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Purple and White Go Green: Young Harris College 2016 Study Abroad
As told by Dr. Ruth Looper and Louisa Franklin

“After hearing stories of my family who live on the Emerald Isle, I have always dreamed of visiting the landscape and seeing the beautiful places they talked about. Also, after taking Dr. Looper’s Irish Literature course, I was ecstatic to see the places written about in famous Irish literature, such as Innisfree!”—Irenee Payne, ’16

“My favorite part of this trip so far was definitely going to Lady Gregory’s Coole Park and Yeats’s tower! I loved being able to sit in the same places as the brilliant writers we read about in our ILR class and see the same things that inspired them. Especially at the Tower, I could almost still feel the presence of the writers.”—Mikala Jones, ’17

“My favorite thing: The entire day we went to the Blasket Islands. The weather was perfect, all of the marine life, and the islands themselves were absolutely beautiful. The story telling while we were there allowed us (or at least me) to engage more with the literature and landscape.”—Morgan Bradshaw, ’16

“What makes this tour great is understanding the context behind the places we visit, whether that be from talks on history or reading poetry. Yes, the sights and the landscapes are beautiful, but it’s the knowledge of the background that has made me enjoy this tour so much.”—Sarah Boudreau, ’17

“I have never traveled outside of the U.S before and when I heard of this opportunity I knew I had to go. It was the perfect chance to travel in a safe environment with two of my favorite professors and a great group of students. The classes that I took in college to prepare me for the trip have increased my excitement to go on the trip. I can’t wait to meet people, see new sights, and experience another culture.” — Caroline Cox, ’18

These comments from some of YHC’s Irish Rovers sum up what motivated Louisa Franklin and me to create and implement Young Harris College Ireland Spring 2016. We hoped to offer students a transformative experience; comments like these and others testify to the fulfillment of our hopes. We began recruiting students in the spring of 2015, and by the start of spring term, 2016, we had twenty enthusiastic participants. All of the Irish Rovers enrolled in a Humanities class, Introduction to Irish History and Culture, so that we would share a knowledge base and a vocabulary. Students could choose to enroll in Louisa’s special section of English 1102 or my upper-level English, The Irish Literary Revival, both classes open to all students but with seats set aside for the Rovers. In the Humanities class, we learned about the Easter 1916 Rising and the Centenary Remembrances that we would experience for ourselves as all of Ireland honored the pivotal events of that year; we learned about the Irish language, gamely trying to get the pronunciation of the Irish versions of our names (“Shannon” was easy); we watched The Field, a powerful film (or “filum” as the Irish say) to get a sense of the landscape of Western Ireland and the farmers’ deep connection to the soil; and we read Yeats’s poetry. I won’t forget the beautiful reading of Yeats’s “Easter 1916” as each of us took one line, picking up and continuing the poem’s perfect rhythm as if one person. By the time we flew out of Atlanta on Friday the 13th, we had earned good luck with our energetic preparations. We landed safely in Dublin and the adventure began.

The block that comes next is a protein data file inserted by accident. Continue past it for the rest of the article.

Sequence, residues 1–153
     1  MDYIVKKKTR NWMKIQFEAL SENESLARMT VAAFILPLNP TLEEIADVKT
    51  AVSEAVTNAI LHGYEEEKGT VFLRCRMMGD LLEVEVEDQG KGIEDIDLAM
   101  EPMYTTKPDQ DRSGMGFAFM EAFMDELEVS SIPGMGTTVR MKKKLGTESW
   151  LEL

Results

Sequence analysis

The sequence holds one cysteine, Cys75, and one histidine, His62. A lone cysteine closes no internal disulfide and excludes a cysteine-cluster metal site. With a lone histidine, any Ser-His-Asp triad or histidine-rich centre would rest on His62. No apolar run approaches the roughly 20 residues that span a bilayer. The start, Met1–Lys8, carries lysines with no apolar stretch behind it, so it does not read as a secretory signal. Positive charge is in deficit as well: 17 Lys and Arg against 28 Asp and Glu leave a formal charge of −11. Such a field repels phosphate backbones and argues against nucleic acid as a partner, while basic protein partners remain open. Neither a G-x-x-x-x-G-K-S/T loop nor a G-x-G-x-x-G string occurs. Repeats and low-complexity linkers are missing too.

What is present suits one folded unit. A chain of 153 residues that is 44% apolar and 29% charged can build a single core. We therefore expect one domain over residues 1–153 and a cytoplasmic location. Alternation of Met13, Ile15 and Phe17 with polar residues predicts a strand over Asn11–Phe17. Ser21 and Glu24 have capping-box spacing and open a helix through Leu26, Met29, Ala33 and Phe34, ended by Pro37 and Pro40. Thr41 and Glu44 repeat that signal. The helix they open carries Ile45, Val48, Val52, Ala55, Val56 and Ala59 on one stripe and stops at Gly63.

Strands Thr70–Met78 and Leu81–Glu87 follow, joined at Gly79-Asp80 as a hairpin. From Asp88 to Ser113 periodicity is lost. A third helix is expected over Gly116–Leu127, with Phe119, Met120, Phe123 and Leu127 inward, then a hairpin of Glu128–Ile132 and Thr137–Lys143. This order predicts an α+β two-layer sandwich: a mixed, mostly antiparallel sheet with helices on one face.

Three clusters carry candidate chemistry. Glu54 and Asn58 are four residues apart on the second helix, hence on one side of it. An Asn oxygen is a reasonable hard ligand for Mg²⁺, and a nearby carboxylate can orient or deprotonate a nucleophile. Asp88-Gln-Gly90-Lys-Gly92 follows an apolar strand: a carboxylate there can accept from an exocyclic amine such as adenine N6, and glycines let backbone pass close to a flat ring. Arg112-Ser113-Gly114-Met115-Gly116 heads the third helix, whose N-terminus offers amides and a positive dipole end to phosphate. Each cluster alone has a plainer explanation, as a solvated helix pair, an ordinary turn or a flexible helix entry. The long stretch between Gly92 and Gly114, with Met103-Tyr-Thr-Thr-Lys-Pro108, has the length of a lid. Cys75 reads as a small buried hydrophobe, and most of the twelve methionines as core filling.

The leprechauns sent us glorious weather as we headed by boat to the Great Blasket Island off the Dingle coast into the Atlantic. Seas were calm, and skies were blue as we chugged our way toward the deserted island. In 1953, the residents of the Great Blasket (all Irish speaking) were moved from the remote island to the Irish mainland for their own protection, and the government left their farms and homes as a testament to their unique lifestyle. Students hiked the island and picnicked in the ruins, which, on this beautiful day, looked like a vision of the Caribbean. The Rovers were enchanted by a Dingle story teller, who spun tales of island history and its residents’ important contributions to Irish literature.

Since the seas and weather were cooperating, our boat captain took the YHC group out into the Atlantic as far as we could go in a day. We spotted puffins, dolphins, and seals as we navigated our way through the islands farthest from the Irish coast. We even saw the famous Skellig Island where the Star Wars crew was filming the next adventure in the series. After several days in Dingle, we headed north to Yeats country. The county most associated with poet, William Butler Yeats is Galway, where we had a very intimate private tour of Yeats’ Norman castle home, Thoor Ballylee. Then it was on to Lady Augusta Gregory’s home, Coole Park, where we strolled through manicured gardens and rough woodland trails.

Moving onto County Sligo, students had the chance to surf in the Atlantic or to ride horses on the Sligo Bay beach. Yeats, of course, figured into the Sligo visit where students visited the Lake Island of Innisfree, the Glencar Falls, Lissadel House, and Yeats’ famous tomb under the mountain, Ben Bulben. Finally, the YHC students took over Dublin in high style, where we saw the Abbey Theater’s production of Shakespeare’s Othello, while seated on the stage with the actors. Museums, shopping, touring, and celebrating the 100 years of Irish independence made Dublin a group favorite. It was hard for us all to depart this magical island and to leave each other, but we all came away from this trip feeling like we had shared “the luck of the Irish” with amazing friends and a memorable learning (and laughing) adventure.

people posing in front of water

group posing front of lake

group of people posing for selfie

Ireland castle

Ireland castle grounds

Students in Ireland